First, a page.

By Katy Steinmetz
October 3, 2017
IDEAS
Katy Steinmetz is a TIME correspondent based in San Francisco.

When President Donald Trump responded on Monday to the shooting that took place in Las Vegas the day before, leaving 59 dead and more than 500 wounded, his remarks contained an unavoidable subtext: there are no words that will really do. “We are joined together today in sadness, shock, and grief,” he said in his first line from the White House, trying to get closer to the truth by listing one noun after another.

As the reactions came in, many invoked words that we turn to when experience has defied the boundaries of language, when English seems to be offering us thimbles to empty a well. The shooter’s brother said he was “completely dumbfounded,” a word that literally means he felt suddenly destitute of the faculty of speech. A photographer covering the scene said it was “incomparable,” trying to describe the carnage and chaos by explaining that no other carnage or chaos felt apt as a point of comparison. Many people attempting to find something meaningful to say in 140 characters called the event “unspeakable.” Some said, “I have no words.”

Trump described the event by its indescribable nature too, saying we “cannot fathom” the feelings of the 59 families who lost a parent, a child, a brother or a sister; calling the shower of bullets that rained down from a 32nd-floor hotel room “senseless”; telling the American people that he knows they are “searching for some kind of meaning.” To fathom something, in the oldest sense, is to encircle it with extended arms. You cannot put your arms around the deadliest mass shooting in American history, especially while the hospitals are still full. You cannot put your arms around such loss and confusion.

There is already debate about whether the killings that took place at a country music concert should be called “terrorism” rather than a mass shooting, a discussion that comes with complicated footnotes about state and federal laws — not to mention the super-charged politics of race, religion and guns. Pop star Ariana Grande, whose own concert became the site of a deadly suicide bomb attack earlier this year, insisted on this terminology in a tweet. “Call this what it is,” she said, “terrorism.”

The end-game of terrorism is political but the means are the visceral spread of fear. And the shooting was an act that sent ripples of dread out like a concrete block dropped off a pier. Those close were caught up in crushing displacement. Many others, farther off, are grappling with the challenge of empathy and the reminder that we are all vulnerable.

One place people turn to search for meaning is the dictionary. Both Merriam-Webster and Dictionary.com said that lookups were spiking for the word terrorism on Monday. Merriam-Webster Editor-at-Large Peter Sokolowski says that the online reference also saw a spike in lookups for the word surreal, which means “marked by the intense irrational reality of a dream.” A word that fits what one is feeling, as Sokolowski has said, “actually brings some kind of order to somebody’s life in that moment,” and “surreal” suggests the event doesn’t abide by the logic of this world in the first place.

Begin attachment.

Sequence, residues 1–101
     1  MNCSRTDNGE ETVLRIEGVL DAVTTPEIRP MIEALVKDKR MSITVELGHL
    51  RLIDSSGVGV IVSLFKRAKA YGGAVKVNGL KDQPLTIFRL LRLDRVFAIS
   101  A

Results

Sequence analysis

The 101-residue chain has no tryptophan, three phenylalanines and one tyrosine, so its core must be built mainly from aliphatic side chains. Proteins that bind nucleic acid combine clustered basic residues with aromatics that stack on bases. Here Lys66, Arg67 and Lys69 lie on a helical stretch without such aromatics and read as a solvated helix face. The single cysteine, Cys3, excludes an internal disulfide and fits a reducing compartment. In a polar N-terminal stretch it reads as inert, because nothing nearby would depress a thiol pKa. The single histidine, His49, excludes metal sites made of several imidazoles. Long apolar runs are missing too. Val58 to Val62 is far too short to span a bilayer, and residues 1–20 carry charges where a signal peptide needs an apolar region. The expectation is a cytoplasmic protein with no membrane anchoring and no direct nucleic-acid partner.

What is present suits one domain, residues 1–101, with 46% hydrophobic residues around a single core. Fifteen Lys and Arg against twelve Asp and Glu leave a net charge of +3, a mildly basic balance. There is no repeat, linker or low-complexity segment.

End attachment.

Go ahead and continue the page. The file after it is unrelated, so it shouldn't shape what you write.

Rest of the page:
Though words like tragedy seem too obvious to describe what happened, that does not mean that silence is better. Certain words — the kind that are often spelled with four letters — can actually provide relief from physical pain when we say them out loud. And getting partway there in our attempts to articulate the emotions and fears and frustrations left in the wake of the shooting can still provide catharsis. One that some media outlets have latched onto is massacre, a term that describes slaughter that is indiscriminate and lacking reason.

Searching for words to describe an event where so many lost their lives, even one that becomes a shared experience for a nation, is in some ways no different than finding words for a greeting card you send to someone who has just lost a parent or a child. There are few good words for that either, because the linear order of letters and sentences is a cheap representation of the messy void that hurts so bad and remains so long after a person is gone. Trying to sum it up and getting it wrong can be an insult to the grief, so we describe it by what it isn’t: speakable, understandable, something that can be uttered.

By the time police arrived at the Las Vegas shooter’s hotel room, he was already dead from an apparent suicide. In remarks on Monday, Trump described the shooter by what he had done, saying he had committed “act of pure evil.” And even that is describing the act by what it isn’t: The first definition of evil is the “antithesis of good.”

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